About a thousand Syrians gather near Dubai consulate

Crowds denounce Syrian president and protest violence against dissidents there.

Dubai, February 10, 2012 - Approximately 1,500 people protesting the violence and regime of Syrian president Bashr Al-Assad demonstrated near the Syrian Consulate in Bur Dubai, Dubai February 10, 2012. (Photo by Jeff Topping/The National)
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DUBAI // Around a thousand Syrians gathered near their consulate after prayers Friday to protest their president and the bloodshed in their home country.

Men stood atop cars leading chants while the crowd waved Syrian flags, beat drums and raised signs.

“God, Syria and freedom!” they shouted as they cycled through chants supporting the uprising and denouncing President Bashar Al Asad and his predecessor and father Hafez.

"Freedom - whatever it takes is better than what we have now," read the sign of 26-year-old Rama Imad, who came with her husband and son.

The crowd demonstrated near the consulate of clusters in Bur Dubai, which police had blocked off. Officers stood behind the crowd for over an hour, before asking them to disperse.

Syrians present said they had gathered in the area several times before, as early as last March when the uprising erupted. More than 5,400 people have died since then, the UN estimated last month.

Friday’s demonstration drew the largest crowd by far, they said, spurred by a recent siege of the Syrian city of Homs. Yasir Zeirs, 24, with a Syrian flag draped around his shoulders, said two friends of his had been killed there last week.

Protesters also expressed anger at Russia and China, which earlier this week vetoed a UN Security Council resolution calling on President Asad to relinquish some powers.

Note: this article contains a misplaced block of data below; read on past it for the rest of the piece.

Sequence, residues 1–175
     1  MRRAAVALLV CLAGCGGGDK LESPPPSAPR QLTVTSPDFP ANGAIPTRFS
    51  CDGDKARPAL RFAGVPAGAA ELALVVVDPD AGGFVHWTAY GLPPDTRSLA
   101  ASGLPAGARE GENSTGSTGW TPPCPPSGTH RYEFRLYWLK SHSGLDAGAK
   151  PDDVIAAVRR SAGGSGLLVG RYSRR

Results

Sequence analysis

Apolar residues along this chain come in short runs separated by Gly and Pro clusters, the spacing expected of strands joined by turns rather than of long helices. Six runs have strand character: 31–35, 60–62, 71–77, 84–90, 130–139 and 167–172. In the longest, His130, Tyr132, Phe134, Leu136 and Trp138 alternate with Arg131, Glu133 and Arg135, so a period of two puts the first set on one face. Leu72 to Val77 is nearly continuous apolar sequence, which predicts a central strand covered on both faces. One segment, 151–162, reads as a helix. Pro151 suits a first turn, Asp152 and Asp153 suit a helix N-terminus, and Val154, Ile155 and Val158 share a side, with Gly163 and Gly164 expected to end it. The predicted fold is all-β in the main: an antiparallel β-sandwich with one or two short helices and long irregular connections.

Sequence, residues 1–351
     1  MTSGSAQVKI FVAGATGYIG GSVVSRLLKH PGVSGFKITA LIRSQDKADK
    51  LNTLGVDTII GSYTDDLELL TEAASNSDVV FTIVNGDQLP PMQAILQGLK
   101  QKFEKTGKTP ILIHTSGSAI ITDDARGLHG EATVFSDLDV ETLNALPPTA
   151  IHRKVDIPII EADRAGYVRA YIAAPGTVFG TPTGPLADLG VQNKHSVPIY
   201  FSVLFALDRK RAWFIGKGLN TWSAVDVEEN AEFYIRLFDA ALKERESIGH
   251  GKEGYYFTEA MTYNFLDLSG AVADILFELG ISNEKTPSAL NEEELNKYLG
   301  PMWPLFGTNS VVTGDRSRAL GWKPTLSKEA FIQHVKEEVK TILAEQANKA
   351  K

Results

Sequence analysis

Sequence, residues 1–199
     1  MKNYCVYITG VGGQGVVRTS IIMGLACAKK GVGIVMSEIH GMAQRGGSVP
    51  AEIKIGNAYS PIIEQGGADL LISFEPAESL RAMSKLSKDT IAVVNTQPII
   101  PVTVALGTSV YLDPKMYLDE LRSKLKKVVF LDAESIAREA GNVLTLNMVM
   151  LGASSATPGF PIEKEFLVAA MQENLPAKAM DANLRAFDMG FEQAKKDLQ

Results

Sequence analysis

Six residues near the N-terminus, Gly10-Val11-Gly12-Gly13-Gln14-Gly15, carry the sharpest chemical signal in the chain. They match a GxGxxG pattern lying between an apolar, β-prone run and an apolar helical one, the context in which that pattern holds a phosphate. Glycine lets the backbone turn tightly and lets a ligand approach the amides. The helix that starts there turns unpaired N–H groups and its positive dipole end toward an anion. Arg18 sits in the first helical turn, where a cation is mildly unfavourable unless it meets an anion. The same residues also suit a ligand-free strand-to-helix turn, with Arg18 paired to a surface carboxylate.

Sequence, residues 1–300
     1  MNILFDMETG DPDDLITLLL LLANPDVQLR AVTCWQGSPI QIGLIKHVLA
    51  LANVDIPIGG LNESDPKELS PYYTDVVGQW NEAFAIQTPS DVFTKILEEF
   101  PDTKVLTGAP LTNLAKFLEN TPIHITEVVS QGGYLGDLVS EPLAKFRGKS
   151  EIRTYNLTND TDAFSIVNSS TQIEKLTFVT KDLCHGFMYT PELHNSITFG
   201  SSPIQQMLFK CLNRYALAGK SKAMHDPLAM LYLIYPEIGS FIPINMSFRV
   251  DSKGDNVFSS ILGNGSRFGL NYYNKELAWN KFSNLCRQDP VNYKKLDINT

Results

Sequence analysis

“The people support the Free Syrian Army!” the crowd chanted, referring to the armed opposition formed by defectors and other rebels. "Our souls and our blood for Homs!"

"The Syrian people are one! One, one, one!" the crowd shouted.

"You can see people from all over Syria,” said Yamen, 34, who declined to give his last name.

A man who gave his name as Abu Abdulrahman brought his four children to the event, saying it was “for their freedom and their future”. He said he had lived through the prior crackdowns in Syria, but that at least today such violence could be documented.

Many in the crowd held up their mobiles to capture the event, though police on occasion instructed some to stop. Residents nearby watched from their balconies.

The authorities had expected these crowds and arrived early that morning, said Maj Gen Mohammed Al Mansour, the general manager of protective security and emergency for the Dubai police. A few dozen men in uniform, riot gear and plainclothes could be seen. They had shown up at previous gatherings but allowed them to carry on for a limited time, said Hassan Hamza, 35.

When an officer finally stood atop a car and asked everyone to leave, the crowd repeated a chant from earlier: "Thank you, thank you, UAE!"
The protest ended quietly, with only one minor dispute. It was between a handful of men and a taxi driver whose car, parked in the area at the time, had suffered dents in its hood after being used as a podium.